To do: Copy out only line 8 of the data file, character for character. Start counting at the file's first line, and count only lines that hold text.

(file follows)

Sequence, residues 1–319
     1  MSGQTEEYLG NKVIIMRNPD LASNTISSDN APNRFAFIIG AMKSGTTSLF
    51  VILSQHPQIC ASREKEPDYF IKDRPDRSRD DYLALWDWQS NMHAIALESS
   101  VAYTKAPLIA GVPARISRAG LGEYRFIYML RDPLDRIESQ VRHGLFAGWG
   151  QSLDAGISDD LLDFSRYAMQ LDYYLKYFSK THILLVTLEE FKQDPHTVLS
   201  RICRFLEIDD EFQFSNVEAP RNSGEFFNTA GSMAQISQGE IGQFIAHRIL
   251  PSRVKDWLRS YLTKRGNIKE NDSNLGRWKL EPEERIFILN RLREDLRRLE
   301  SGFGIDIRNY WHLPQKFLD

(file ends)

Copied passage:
   301  SGFGIDIRNY WHLPQKFLD